How much time do I need to study for the mcat?

Max98

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I just finished my freshman year so I obviously won't start studying for it in a while. However, I want to know so that I can maneuver my classes to try to take a smaller course load when I'm studying for it. As of now I think I would study a lot during midwinter break and take a small spring semester course load so that I can study for it and then take it in March. Does this make sense or should I leave myself more time?

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freak7

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You're going to take the MCAT as a sophomore? :eek:
 
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DBC03

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If you are taking a *very* light course load and have completed all prerequisite courses, three months should be sufficient. I created a 15-week schedule that worked well. If you extend it too much further you might get burnt out or forget the information you are learning. I took half the time for content review, and the second half for practice exams (while still reviewing content).
 

Max98

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If you are taking a *very* light course load and have completed all prerequisite courses, three months should be sufficient. I created a 15-week schedule that worked well. If you extend it too much further you might get burnt out or forget the information you are learning. I took half the time for content review, and the second half for practice exams (while still reviewing content).
I think I'm gonna only take 13 credits. Is that a light enough load?

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DBC03

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I think I'm gonna only take 13 credits. Is that a light enough load?

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I'm thinking more like take one class or two at most. If you're going to take a normal load (12 credits and up), then you'll want to spread it out a lot more, but I think there are a lot of downsides spreading it out. If you can, take it over a light summer or some other time when you can really focus on it. The biggest problem with a heavier load is finding sufficient time to practice. You could conceivably start doing content review during the year and then do six weeks of practice exams right after the semester is over.
 

Max98

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I'm thinking more like take one class or two at most. If you're going to take a normal load (12 credits and up), then you'll want to spread it out a lot more, but I think there are a lot of downsides spreading it out. If you can, take it over a light summer or some other time when you can really focus on it. The biggest problem with a heavier load is finding sufficient time to practice. You could conceivably start doing content review during the year and then do six weeks of practice exams right after the semester is over.
Oh I see.... I'll try see if I can take a lighter load. If I can't would you say that studying for 6 months would be good? I would start from that fall if I did that.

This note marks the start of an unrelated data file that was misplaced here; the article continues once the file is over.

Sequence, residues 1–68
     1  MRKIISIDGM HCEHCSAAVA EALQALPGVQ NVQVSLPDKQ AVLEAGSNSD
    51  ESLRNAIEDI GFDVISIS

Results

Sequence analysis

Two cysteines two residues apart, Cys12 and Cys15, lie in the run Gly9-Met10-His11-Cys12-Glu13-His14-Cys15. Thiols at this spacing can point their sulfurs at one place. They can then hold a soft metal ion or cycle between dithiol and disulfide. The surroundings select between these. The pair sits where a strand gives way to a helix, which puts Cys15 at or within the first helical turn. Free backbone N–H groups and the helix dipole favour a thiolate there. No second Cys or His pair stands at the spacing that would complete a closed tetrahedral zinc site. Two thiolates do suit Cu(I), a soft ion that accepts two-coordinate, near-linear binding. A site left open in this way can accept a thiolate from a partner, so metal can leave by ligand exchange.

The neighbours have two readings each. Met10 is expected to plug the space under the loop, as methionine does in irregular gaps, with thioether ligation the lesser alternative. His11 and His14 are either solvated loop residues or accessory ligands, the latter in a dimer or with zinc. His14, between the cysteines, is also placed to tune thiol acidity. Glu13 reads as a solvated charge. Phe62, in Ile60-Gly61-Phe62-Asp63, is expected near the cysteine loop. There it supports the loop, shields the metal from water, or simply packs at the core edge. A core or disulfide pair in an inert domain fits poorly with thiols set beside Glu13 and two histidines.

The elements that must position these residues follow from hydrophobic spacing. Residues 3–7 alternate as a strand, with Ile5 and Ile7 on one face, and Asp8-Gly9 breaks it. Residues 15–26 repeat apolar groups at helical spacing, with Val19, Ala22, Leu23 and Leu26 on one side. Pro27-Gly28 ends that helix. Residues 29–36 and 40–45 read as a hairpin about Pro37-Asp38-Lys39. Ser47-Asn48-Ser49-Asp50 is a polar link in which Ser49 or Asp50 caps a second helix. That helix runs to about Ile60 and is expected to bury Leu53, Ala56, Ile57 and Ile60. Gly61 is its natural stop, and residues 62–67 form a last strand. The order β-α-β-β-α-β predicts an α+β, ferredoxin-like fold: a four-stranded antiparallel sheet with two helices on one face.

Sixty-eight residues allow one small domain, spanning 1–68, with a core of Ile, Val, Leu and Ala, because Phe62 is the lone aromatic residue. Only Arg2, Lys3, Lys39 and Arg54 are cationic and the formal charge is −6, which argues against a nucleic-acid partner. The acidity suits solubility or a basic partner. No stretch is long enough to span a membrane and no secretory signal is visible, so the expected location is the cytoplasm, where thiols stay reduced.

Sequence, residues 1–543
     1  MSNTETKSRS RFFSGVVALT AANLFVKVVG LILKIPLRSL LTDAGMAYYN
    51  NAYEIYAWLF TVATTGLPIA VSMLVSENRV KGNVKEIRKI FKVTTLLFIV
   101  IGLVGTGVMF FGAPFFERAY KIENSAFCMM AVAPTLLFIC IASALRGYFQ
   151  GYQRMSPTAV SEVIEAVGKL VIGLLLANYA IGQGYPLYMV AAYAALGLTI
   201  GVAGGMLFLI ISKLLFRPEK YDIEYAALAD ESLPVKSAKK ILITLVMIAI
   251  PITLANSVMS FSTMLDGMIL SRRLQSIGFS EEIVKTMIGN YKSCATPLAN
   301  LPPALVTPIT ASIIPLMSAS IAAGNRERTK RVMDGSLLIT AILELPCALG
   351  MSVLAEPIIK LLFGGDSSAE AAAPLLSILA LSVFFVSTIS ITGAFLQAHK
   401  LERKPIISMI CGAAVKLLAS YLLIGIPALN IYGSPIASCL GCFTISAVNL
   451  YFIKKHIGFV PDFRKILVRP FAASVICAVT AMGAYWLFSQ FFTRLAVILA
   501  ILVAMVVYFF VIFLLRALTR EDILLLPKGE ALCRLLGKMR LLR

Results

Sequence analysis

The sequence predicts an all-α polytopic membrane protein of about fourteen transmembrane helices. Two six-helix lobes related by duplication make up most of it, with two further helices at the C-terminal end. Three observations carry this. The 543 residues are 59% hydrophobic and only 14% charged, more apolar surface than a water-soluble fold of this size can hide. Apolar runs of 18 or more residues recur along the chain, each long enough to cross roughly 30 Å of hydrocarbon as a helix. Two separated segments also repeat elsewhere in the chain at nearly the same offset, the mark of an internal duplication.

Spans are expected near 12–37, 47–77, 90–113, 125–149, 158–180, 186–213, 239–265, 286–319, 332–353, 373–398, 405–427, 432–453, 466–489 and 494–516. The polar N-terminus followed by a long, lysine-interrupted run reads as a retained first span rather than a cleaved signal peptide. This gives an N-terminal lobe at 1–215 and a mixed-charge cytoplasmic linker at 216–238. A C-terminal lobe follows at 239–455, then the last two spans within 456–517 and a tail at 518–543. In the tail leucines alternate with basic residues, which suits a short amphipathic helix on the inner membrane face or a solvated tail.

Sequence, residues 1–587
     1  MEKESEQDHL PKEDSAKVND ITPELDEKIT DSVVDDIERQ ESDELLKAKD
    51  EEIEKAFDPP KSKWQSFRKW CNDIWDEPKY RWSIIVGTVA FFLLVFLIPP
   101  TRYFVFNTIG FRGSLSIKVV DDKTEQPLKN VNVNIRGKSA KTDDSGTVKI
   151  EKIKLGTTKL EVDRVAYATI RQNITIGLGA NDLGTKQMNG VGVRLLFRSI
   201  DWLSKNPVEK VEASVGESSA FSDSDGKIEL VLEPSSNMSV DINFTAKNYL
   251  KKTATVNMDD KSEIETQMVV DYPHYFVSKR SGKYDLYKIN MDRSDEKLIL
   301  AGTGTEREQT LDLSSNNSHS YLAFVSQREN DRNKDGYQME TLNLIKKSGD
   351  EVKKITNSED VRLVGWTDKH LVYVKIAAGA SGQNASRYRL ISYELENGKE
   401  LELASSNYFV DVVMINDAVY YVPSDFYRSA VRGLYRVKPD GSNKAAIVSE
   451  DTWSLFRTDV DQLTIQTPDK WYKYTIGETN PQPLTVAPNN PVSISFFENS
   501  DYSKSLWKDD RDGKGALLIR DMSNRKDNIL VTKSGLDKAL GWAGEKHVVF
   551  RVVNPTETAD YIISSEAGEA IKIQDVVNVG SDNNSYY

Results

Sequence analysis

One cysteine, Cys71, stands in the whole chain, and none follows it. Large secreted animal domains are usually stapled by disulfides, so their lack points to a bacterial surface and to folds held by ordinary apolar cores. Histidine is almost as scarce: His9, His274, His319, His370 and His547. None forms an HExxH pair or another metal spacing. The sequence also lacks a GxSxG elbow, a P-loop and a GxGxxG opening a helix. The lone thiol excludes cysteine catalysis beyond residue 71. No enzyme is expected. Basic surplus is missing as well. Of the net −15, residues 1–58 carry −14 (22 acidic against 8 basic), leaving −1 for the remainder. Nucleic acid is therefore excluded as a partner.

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DBC03

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Oh I see.... I'll try see if I can take a lighter load. If I can't would you say that studying for 6 months would be good? I would start from that fall if I did that.

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I only studied for three months, so let's see if someone who studied for six months can chime in!

FWIW, I took Advanced Biochem 2 and continued research, volunteering for four hours a week, and driving back and forth each weekend (2.5 hours each way) when I was studying. I also added four to eight hours of shadowing during the last half. It can be done, but you might risk either getting lower grades in your classes or getting a lower MCAT score. My schedule worked out perfectly as I only had three exams in Biochem, and two were right after the MCAT. I was able to pretty much completely blow biochem off as so much of what we needed for the final was tested in the MCAT, so I was kind of killing two birds with one stone. That wouldn't work with regular biochem as you really need a solid biochem background to do well on the MCAT. But you could make it work if you take two semesters.
 

Max98

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I only studied for three months, so let's see if someone who studied for six months can chime in!

FWIW, I took Advanced Biochem 2 and continued research, volunteering for four hours a week, and driving back and forth each weekend (2.5 hours each way) when I was studying. I also added four to eight hours of shadowing during the last half. It can be done, but you might risk either getting lower grades in your classes or getting a lower MCAT score. My schedule worked out perfectly as I only had three exams in Biochem, and two were right after the MCAT. I was able to pretty much completely blow biochem off as so much of what we needed for the final was tested in the MCAT, so I was kind of killing two birds with one stone. That wouldn't work with regular biochem as you really need a solid biochem background to do well on the MCAT. But you could make it work if you take two semesters.